25. Honour implies integrity. We can only have integrity if we practise truthfulness. To lie, cheat and steal create mistrust and deceit which destroy the fabric of society. Deception also undermines our inner strength ‑ our will. One's word is very important. Oath‑giving is a serious matter because at stake is our integrity ‑ that which makes us whole and what we are.
26. One of the three "Principles of Paganism" which many Pagans follow is "Do what you will as long as it harms none”. This ethic is a simple one and many would argue that it cannot apply in all circumstances. No formula, whether complex or simple, can cover all situations. The more we try and create codes which will cover all eventualities, the more mechanical and unrealistic our ideas of morality become. Simple precepts provide a moral guide to which we can turn and then make the best judgements we can. The emphasis in modern Paganism is not on obeying complex sets of laws, but to teach ourselves to be in tune with the Divine centre of all things, and so to make moral judgements on the basis of "what is eternal and abides".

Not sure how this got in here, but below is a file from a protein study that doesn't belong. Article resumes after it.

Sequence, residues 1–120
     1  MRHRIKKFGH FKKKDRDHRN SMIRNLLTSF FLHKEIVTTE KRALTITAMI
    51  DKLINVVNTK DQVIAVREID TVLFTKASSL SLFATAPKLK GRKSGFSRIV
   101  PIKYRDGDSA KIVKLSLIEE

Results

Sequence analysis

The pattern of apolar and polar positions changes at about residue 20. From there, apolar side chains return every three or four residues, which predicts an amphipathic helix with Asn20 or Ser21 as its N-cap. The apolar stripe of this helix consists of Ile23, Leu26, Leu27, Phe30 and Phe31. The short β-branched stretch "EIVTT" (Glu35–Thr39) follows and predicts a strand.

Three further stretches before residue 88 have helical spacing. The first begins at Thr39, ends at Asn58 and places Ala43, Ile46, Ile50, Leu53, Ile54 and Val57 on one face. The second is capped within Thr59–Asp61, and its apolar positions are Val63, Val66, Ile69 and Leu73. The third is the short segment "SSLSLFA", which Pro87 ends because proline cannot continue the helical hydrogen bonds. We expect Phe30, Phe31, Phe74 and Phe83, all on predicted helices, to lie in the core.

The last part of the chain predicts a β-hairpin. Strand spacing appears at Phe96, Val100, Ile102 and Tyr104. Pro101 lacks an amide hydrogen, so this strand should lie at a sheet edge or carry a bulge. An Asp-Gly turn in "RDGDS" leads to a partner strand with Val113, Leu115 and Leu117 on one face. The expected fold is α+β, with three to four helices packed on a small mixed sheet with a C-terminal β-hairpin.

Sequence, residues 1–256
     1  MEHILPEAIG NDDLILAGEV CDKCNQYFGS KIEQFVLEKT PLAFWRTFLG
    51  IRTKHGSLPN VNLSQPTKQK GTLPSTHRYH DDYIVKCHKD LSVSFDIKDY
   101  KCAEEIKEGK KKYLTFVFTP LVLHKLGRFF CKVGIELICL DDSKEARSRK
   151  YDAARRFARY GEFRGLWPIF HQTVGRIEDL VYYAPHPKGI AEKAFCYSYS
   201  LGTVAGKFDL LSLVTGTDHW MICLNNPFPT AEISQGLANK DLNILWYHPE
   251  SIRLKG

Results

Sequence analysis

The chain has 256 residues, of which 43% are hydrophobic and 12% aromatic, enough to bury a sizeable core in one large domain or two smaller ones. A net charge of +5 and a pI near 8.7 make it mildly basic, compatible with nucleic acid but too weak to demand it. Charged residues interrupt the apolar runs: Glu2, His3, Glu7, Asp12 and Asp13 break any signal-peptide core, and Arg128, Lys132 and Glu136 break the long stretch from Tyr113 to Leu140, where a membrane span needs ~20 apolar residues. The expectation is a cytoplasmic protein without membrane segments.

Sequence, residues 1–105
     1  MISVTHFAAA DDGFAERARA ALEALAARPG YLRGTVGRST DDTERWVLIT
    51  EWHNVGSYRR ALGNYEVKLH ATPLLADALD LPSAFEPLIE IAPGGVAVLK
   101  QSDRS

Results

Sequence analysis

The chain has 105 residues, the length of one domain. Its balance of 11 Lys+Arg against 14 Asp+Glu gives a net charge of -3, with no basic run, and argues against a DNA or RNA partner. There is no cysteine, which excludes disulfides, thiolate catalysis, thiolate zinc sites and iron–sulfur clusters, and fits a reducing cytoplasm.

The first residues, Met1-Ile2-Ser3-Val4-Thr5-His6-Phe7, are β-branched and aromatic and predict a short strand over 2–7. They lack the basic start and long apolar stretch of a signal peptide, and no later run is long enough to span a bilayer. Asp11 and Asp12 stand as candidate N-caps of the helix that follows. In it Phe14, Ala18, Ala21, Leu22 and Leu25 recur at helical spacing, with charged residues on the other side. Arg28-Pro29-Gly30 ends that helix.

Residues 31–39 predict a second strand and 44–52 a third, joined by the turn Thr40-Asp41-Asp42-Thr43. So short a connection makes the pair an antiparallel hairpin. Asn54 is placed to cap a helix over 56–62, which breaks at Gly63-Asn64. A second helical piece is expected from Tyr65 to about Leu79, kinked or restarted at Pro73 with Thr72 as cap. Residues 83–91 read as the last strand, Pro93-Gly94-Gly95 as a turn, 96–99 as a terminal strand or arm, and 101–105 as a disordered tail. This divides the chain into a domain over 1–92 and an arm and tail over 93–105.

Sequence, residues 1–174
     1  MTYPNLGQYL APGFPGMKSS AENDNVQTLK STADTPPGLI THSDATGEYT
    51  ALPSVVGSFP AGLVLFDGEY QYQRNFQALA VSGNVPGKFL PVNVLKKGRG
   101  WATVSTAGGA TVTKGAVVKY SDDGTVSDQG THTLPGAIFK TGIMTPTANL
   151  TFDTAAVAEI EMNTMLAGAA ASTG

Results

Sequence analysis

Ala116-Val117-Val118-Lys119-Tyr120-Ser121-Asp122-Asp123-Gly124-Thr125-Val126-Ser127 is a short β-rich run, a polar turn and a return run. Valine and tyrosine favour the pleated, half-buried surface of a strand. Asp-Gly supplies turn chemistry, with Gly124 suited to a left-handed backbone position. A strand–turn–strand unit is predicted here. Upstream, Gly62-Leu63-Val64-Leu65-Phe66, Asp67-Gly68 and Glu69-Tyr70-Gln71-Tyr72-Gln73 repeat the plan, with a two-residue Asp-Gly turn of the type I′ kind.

27. Much of Pagan ethics is about harmony and balance. This is not a striving for an impossible perfection which causes only guilt and despair when we inevitably fail, but a kinder and gentler ethic: a desire to live in a way which does not harm those around us ‑ human beings or others whose environments we impact upon ‑ the animal, plant and mineral life of the Great Mother's kingdom. European Paganism shares ideas similar to those of Native American philosophy: that it is important to live in harmony with our environment and not to cause unnecessary suffering.
Dress/ Ritual Dress